Atlantic cod (Gadus morhua) – commonly known simply as cod and also found in other maritime regions, including the Baltic Sea – was a popular staple food across much of northern Europe and the islands of the North Atlantic for a very long time. Cod stocks were abundant and the species was easy to catch. It was one of the main ingredients in Britain’s national dish, fish and chips, while in Norway, air-dried cod (stockfish) was a popular traditional food. Cod – which can reach up to 1.5 metres in length – is a demersal fish, which means that it lives on or near the bottom of the sea. Its habitats are located in the coastal regions of the Atlantic Ocean. Cod can be found near the coast as well as at depths of up to 600 metres. Cod is a difficult species to farm, however.
The great dependence of the fishing nations on their cod stocks was demonstrated in the “Cod Wars” from 1958 until 1975. During this period, a series of political confrontations erupted after Iceland – concerned about the future of its traditional fishing grounds and more intensive competition from foreign deep-sea trawlers – progressively expanded its Exclusive Economic Zone (EEZ) (Chapter 10) from 3 to 200 nautical miles. In so doing, Iceland succeeded in protecting cod stocks in the Northeast Atlantic from overexploitation by other fishing nations. This is evident from the fact that around 1 million tonnes of cod are still being harvested annually in the Northeast Atlantic, whereas cod stocks in the Northwest Atlantic range off the east coast of North America are an outstanding example of failed fisheries management. Here, the once abundant cod stocks off Newfoundland, which in the past yielded some 600,000 tonnes of catch weight annually, have now collapsed after years of overfishing.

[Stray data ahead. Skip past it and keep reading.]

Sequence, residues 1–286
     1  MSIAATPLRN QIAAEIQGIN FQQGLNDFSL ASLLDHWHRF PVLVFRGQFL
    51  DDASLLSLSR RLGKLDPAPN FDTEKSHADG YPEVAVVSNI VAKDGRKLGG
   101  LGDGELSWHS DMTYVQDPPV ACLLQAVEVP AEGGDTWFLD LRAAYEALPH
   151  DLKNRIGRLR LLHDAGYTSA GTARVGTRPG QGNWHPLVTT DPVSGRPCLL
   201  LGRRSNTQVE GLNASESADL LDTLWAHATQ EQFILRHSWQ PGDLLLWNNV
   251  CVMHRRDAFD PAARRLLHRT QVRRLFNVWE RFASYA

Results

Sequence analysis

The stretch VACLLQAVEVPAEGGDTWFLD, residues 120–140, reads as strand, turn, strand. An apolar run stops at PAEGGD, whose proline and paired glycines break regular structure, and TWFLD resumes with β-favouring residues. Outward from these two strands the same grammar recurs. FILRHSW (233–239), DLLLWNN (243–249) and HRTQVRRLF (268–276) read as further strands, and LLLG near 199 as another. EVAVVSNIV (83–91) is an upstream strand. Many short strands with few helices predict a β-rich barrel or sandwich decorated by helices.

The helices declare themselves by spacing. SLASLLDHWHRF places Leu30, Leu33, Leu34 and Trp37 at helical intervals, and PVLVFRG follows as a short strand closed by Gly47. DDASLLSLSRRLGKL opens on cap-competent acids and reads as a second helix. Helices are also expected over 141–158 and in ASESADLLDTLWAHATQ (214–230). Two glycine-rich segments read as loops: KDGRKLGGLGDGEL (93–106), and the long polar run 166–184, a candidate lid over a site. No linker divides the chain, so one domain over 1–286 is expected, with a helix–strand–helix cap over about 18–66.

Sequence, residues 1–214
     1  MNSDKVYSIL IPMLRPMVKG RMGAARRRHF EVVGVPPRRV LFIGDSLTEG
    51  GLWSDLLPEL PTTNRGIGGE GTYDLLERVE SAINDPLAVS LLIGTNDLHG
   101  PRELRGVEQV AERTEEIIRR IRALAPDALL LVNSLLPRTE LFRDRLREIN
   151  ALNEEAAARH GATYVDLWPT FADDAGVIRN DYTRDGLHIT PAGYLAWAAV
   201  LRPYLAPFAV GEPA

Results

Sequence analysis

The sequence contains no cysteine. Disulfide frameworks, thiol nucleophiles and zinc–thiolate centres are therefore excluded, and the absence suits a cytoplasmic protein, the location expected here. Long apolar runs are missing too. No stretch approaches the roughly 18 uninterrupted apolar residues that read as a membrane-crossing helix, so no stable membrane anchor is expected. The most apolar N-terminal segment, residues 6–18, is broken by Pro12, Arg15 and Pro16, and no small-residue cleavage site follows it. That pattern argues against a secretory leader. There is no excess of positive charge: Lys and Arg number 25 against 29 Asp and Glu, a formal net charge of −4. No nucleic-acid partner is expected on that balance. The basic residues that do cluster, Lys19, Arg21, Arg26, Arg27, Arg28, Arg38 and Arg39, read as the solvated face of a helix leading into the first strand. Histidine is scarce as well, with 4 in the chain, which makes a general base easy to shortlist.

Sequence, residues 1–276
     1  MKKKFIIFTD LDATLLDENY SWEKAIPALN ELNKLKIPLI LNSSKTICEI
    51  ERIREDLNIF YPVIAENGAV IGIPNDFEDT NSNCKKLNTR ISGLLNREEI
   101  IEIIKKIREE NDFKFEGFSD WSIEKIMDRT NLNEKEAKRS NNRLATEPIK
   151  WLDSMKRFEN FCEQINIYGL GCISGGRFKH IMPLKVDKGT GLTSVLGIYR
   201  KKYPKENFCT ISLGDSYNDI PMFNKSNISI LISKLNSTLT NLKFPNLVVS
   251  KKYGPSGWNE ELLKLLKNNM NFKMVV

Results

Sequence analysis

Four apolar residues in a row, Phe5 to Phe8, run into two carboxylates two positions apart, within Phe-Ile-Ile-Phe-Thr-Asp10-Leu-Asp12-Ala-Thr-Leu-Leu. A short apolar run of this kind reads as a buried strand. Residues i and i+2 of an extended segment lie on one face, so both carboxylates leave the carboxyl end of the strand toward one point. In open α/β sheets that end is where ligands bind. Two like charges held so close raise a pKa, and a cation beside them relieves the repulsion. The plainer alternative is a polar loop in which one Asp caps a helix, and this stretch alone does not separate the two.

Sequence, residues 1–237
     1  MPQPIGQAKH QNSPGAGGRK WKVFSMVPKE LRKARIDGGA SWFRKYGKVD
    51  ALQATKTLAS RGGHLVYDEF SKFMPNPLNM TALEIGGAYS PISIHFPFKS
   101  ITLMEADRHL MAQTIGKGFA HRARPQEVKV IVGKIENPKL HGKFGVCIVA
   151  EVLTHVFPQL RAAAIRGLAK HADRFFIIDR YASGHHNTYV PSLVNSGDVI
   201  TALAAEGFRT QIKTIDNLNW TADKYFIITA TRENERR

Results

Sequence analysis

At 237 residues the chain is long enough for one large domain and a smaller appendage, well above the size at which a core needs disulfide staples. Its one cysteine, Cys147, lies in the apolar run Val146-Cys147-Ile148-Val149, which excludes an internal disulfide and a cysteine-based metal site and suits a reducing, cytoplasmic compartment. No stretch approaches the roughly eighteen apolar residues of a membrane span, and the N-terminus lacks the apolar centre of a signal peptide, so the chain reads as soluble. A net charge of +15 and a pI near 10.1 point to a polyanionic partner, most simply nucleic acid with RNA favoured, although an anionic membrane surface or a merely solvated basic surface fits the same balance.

How could this have happened? After centuries of mainly coastal fishing using smaller fishing vessels, in 1950 the fishing industry switched to industrial bottom fishing using trawl nets and also began fishing in deeper waters. Catches increased considerably in the short term, leading to a decrease in population size. Attempts to regulate catches with international fishing quotas and Canada’s efforts to tackle the problem by expanding its Exclusive Economic Zone could not curb the dramatic drop in yield. After the population had completely collapsed at the end of the 1980s, there was no option but to close the commercial cod fishery in 1992, followed by a ban on artisanal fishery in the coastal communities of Newfoundland in 2003. The social and economic consequences of this move have been severe. Biologists now believe that due to the massive disruption of the marine ecosystem, it has passed a tipping point and that even with a total ban on fishing, cod stocks will not recover.
6.7 > Fighting over fish: the economic significance of the fishing industry for some nations became apparent during the “Cod Wars” in the Northeast Atlantic. The United Kingdom and Iceland even deployed warships in the conflict over control of the fishing grounds. On 7 January 1976, the Icelandic patrol boat Thor (above left, background) collided with the British frigate Andromeda (foreground) some 35 nautical miles off the Icelandic coast. According to the British version of events, the collision occurred after Thor attempted to cut the nets of the British trawler Portia (above right, centre). During the manoeuvre, Thor abruptly changed course and rammed the frigate. The dispute between the two countries was so intense that Iceland even broke off diplomatic relations with the UK for a time. Abb. 6.7: left: © dpa Picture-Alliance/PA, right: © dpa Picture-Alliance/UPI